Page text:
Giant Arecibo radio dish joins search for rocky planets around nearby stars

Last month, the Red Dots project launched with the aim of detecting the nearest terrestrial planets outside our Solar System. Institutions from the UK to Chile have been collaborating on this – and now two different organisations are joining the search.

Arecibo Observatory
An aerial view of the giant 305-metre (1,000 ft) wide dish at the Arecibo Observatory in Puerto Rico. Image credit: Arecibo Observatory/National Science Foundation

The National Science Foundation’s Arecibo Observatory and the Planetary Habitability Laboratory, based at the University of Puerto Rico at Arecibo, lent their power to the collaboration last week to study Barnard’s Star, a red dwarf just over a tenth the mass of our Sun.

Around six light-years away from us, it’s our second-closest stellar system after the three stars making up the Alpha Centauri system and features prominently in science fiction. (Incidentally, Barnard’s Star’s motion across the sky is rapid enough that it can be detected in photos taken by amateur astronomers just a year apart.)

Barnard’s Star has also been the subject of some controversy; in the 1960s, astronomer Peter van de Kamp claimed to have found multiple Jupiter-sized planets orbiting the red dwarf. Although by the 1970s other astronomers had demonstrated that this was due to artifacts in data caused by maintenance and upgrade work, van de Kamp never admitted his error; as late as 1982, he claimed to have found two more planets.

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While further observations have ruled out the existence of planets with masses larger than 10 times that of Jupiter, or Jupiter-sized planets which take less than 1000 days to orbit Barnard’s Star, there’s still a tantalising possibility that rocky planets like our own could exist.

The Red Dots project is already hunting for planets at optical and infrared wavelengths, but the Arecibo Observatory is a radio telescope. Even though using a radio telescope to detect planets might seem counterintuitive, radio emissions could be used to build up a picture of a star’s environment, including perturbations which might indicate the presence of planets.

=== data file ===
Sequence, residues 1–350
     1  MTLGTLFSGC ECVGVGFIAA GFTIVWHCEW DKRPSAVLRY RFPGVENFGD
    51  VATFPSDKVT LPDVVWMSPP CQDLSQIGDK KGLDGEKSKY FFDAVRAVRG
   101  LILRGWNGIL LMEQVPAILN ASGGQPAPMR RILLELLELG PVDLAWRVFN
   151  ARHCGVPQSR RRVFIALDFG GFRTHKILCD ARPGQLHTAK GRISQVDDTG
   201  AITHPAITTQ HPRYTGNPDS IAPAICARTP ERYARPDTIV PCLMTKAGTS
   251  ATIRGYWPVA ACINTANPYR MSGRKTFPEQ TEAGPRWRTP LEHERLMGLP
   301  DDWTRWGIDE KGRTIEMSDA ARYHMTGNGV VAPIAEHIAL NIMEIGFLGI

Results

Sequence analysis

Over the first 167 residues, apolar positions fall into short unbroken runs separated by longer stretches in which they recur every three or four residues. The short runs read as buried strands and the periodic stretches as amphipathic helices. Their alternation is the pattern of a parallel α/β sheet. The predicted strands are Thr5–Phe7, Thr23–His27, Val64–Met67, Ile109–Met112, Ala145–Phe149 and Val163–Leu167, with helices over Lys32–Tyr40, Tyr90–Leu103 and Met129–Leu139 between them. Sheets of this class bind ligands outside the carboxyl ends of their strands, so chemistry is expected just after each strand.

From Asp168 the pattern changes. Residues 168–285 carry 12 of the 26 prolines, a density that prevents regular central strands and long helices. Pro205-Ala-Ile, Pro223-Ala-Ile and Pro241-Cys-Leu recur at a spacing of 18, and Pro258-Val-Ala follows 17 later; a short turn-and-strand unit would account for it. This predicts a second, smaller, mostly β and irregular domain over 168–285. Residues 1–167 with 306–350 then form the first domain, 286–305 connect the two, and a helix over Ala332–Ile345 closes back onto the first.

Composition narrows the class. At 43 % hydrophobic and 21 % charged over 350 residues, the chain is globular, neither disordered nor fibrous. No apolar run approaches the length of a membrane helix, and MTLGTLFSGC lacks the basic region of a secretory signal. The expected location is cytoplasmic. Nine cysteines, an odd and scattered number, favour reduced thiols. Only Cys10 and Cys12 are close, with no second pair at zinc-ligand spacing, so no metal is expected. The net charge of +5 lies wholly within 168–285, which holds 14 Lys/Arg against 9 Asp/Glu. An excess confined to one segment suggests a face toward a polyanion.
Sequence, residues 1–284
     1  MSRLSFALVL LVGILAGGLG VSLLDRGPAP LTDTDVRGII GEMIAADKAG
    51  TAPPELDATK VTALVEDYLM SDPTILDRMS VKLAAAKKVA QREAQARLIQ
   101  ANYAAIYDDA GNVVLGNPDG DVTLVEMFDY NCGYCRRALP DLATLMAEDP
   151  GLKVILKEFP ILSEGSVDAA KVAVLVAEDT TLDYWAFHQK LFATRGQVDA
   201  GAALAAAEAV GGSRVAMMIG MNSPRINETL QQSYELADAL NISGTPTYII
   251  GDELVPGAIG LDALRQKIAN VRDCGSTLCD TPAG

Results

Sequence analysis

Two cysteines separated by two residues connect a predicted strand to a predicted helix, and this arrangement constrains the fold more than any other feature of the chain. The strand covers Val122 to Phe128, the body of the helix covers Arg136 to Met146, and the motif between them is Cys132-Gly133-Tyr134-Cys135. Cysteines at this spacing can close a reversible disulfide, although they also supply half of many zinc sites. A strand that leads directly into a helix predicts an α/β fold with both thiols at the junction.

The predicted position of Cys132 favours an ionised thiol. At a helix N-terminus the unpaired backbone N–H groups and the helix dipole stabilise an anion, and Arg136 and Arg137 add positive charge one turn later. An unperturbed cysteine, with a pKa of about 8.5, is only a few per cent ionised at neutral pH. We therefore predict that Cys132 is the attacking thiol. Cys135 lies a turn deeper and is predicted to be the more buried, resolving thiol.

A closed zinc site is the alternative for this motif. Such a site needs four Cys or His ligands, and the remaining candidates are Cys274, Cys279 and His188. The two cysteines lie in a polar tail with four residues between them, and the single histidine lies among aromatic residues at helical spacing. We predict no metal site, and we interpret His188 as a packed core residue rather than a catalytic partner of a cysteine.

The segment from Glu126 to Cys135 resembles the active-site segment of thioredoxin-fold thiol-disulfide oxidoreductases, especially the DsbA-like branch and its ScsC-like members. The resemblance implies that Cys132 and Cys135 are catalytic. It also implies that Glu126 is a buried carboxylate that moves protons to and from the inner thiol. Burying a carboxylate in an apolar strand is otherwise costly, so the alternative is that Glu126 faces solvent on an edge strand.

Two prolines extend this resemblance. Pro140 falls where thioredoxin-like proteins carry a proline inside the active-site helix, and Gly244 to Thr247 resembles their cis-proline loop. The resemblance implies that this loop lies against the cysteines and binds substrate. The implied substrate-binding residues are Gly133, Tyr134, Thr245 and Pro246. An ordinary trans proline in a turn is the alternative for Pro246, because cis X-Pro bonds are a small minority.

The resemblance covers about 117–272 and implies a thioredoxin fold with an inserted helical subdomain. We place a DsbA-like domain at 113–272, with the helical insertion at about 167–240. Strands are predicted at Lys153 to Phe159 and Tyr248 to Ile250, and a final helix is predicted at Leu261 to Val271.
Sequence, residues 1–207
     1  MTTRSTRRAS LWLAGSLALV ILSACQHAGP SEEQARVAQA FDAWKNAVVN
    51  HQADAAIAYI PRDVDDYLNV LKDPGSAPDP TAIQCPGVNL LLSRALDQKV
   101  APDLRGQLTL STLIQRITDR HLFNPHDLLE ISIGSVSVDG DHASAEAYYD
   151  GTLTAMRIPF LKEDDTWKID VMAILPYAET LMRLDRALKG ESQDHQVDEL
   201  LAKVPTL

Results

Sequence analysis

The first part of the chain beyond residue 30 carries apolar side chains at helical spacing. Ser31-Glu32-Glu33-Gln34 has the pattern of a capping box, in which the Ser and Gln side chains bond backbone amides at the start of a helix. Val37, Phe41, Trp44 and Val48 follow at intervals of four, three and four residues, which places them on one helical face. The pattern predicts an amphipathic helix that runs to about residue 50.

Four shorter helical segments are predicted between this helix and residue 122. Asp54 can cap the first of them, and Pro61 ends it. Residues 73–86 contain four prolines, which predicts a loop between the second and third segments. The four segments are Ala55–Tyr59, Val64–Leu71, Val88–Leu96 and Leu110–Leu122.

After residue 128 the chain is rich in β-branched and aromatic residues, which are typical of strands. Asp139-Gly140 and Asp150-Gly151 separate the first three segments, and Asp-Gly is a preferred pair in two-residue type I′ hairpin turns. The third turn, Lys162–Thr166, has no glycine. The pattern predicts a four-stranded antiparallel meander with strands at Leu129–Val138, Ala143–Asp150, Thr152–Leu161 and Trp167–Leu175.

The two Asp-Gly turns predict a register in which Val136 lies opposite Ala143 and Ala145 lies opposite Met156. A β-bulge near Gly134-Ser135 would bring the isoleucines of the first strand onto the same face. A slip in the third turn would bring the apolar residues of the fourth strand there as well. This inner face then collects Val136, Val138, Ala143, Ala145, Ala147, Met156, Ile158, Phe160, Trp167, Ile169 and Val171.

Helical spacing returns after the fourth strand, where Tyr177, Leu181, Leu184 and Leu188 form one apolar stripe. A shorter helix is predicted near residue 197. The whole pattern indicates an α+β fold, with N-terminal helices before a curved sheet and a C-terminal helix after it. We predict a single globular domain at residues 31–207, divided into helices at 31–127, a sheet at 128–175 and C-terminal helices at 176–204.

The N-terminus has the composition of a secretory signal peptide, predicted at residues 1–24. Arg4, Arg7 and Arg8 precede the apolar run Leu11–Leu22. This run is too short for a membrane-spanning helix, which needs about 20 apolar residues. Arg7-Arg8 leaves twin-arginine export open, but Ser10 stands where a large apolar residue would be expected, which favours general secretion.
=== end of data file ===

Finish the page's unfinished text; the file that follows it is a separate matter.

Just as taking photos of an object from different angles can help an observer to build a comprehensive model and bring new features to light, observing Barnard’s Star in multiple different wavelengths will deepen our understanding of our neighbour.

Stars being studied by the Red Dots project
Stars being studied by the Red Dots project, including the fast-moving Barnard’s Star. Image credit: PHL @ UPR Arecibo / Aladin Sky Atlas

Regardless of whether the teams find terrestrial planets around Barnard’s Star or not, the collaboration between the Arecibo Observatory, the Planetary Habitability Laboratory and the Red Dots project will contribute towards organising future observation campaigns.

“Simultaneous observations with different facilities are difficult to organise, so this will be a rare opportunity to explore synergies for future campaigns,” writes Guillem Anglada-Escudé, an astronomer at Queen Mary, University of London and the leader of the group who discovered Proxima b.

In addition, the Red Dots project is releasing its data to the public and engaging with professional and amateur astronomers alike in order to increase participation. While the popularity of citizen science has exploded in recent years, the whole of the Red Dots project is being conducted as an “Open Notebook Science experiment”, where all data and experiment logs are made publicly accessible. This is still comparatively rare and it will be interesting to see the effects this has on public engagement.

The data will be published to the project’s open journal at For now, whatever happens, this collaboration will have far-reaching consequences – and rightly so.

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Osnat Katz

I’m a physics student based in Manchester. When I’m not studying, I talk to people about physics, maths and coding, including contributing to Skymania News and Popular Astronomy magazine.

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Osnat Katz

I’m a physics student based in Manchester. When I’m not studying, I talk to people about physics, maths and coding, including contributing to Skymania News and Popular Astronomy magazine.

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